This project involves the need for easy access to a small meandering stream. This stream should be small enough so that it is reasonably safe and can be easily crossed and entered by wading. It should also be reasonably clean so that it does not present any health risks to the students. Surrounding plant cover should also be considered as it may influence how easily students are able to move about and measure the stream.

I am designing this field investigation for a class of about 25 students mixed from grades 10-12, with a wide range of abilities and skills. I plan on performing this investigation in a small pasture about 2 miles from my school building in rural southeastern Minnesota. I have not yet performed this investigation but plan on doing it in conjunction with my "Atmospheric and Hydrological Processes" unit of the "Earth Systems" course offered at my school. I teach two sections of the course, one first semester and one second semester. Because of climatic issues in Minnesota I will be forced to do this investigation in September and in May. This will necessitate that I not cover topics in the two classes in the same sequence. I believe that I will need 3 to 4 days to complete this investigation depending on how arrangements can be made within the context of the rest of the school. Our normal class time is about 80 minutes but I hope to do at least some of the investigation in an extended class period.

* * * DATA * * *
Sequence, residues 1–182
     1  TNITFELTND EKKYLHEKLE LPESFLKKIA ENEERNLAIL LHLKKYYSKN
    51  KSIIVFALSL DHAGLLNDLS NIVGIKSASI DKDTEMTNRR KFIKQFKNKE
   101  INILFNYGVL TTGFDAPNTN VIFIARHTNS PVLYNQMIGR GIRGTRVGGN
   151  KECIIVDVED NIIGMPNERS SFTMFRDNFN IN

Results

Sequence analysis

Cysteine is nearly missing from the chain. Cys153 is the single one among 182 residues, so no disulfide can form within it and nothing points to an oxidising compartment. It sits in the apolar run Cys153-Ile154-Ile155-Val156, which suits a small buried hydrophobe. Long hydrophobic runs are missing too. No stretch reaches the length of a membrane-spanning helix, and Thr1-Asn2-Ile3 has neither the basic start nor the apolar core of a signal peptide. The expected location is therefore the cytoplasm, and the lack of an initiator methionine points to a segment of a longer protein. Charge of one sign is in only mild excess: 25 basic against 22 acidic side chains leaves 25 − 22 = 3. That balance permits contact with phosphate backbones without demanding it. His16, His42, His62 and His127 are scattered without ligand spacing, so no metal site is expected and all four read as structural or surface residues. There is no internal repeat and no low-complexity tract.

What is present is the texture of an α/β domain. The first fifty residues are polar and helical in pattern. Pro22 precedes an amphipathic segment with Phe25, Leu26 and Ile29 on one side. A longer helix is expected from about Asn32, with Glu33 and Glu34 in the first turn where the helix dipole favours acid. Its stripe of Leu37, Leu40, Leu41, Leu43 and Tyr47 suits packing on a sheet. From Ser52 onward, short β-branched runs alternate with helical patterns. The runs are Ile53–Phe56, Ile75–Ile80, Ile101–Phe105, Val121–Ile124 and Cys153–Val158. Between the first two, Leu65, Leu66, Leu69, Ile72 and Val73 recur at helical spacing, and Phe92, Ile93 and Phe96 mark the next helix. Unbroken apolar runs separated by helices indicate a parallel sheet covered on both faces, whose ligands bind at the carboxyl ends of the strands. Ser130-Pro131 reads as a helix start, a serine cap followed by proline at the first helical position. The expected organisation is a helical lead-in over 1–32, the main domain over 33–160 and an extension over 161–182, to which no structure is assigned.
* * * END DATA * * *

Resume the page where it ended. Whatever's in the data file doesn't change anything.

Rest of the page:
Depending on how many groups, one or two long tape measures will be needed (like those used in P.E. classes).

Each group should be equipped with the following:
Directional Compass, 15 meters of white rope, Permanent Marker, Meter Stick

Each individual student should have the following:
Field Journal, Graph Paper, Pen or Pencil, Shoes and clothing for entering and crossing the stream. Digital Camera (optional).

Subject: Geoscience:Hydrology:Surface Water
Resource Type: Activities:Field Activity:Field laboratories
Special Interest: Field-Based Teaching and Learning